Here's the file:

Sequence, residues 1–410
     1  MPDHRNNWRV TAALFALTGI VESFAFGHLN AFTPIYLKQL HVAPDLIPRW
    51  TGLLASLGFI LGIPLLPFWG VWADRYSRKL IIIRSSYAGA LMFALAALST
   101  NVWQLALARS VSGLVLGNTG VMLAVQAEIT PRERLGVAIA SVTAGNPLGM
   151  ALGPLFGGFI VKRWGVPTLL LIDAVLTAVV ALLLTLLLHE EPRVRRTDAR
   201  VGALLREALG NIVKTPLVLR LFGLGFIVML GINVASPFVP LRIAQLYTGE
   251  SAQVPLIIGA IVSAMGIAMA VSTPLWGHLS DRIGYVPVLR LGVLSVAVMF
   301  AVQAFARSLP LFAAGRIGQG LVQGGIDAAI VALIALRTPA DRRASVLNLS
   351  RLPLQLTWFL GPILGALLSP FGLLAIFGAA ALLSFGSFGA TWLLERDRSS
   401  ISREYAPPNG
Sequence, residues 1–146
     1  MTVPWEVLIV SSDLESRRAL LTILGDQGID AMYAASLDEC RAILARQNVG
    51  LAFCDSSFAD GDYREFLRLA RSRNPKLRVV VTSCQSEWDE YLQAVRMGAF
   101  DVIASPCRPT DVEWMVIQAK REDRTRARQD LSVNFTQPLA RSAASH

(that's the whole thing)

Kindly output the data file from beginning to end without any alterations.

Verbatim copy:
Sequence, residues 1–410
     1  MPDHRNNWRV TAALFALTGI VESFAFGHLN AFTPIYLKQL HVAPDLIPRW
    51  TGLLASLGFI LGIPLLPFWG VWADRYSRKL IIIRSSYAGA LMFALAALST
   101  NVWQLALARS VSGLVLGNTG VMLAVQAEIT PRERLGVAIA SVTAGNPLGM
   151  ALGPLFGGFI VKRWGVPTLL LIDAVLTAVV ALLLTLLLHE EPRVRRTDAR
   201  VGALLREALG NIVKTPLVLR LFGLGFIVML GINVASPFVP LRIAQLYTGE
   251  SAQVPLIIGA IVSAMGIAMA VSTPLWGHLS DRIGYVPVLR LGVLSVAVMF
   301  AVQAFARSLP LFAAGRIGQG LVQGGIDAAI VALIALRTPA DRRASVLNLS
   351  RLPLQLTWFL GPILGALLSP FGLLAIFGAA ALLSFGSFGA TWLLERDRSS
   401  ISREYAPPNG
Sequence, residues 1–146
     1  MTVPWEVLIV SSDLESRRAL LTILGDQGID AMYAASLDEC RAILARQNVG
    51  LAFCDSSFAD GDYREFLRLA RSRNPKLRVV VTSCQSEWDE YLQAVRMGAF
   101  DVIASPCRPT DVEWMVIQAK REDRTRARQD LSVNFTQPLA RSAASH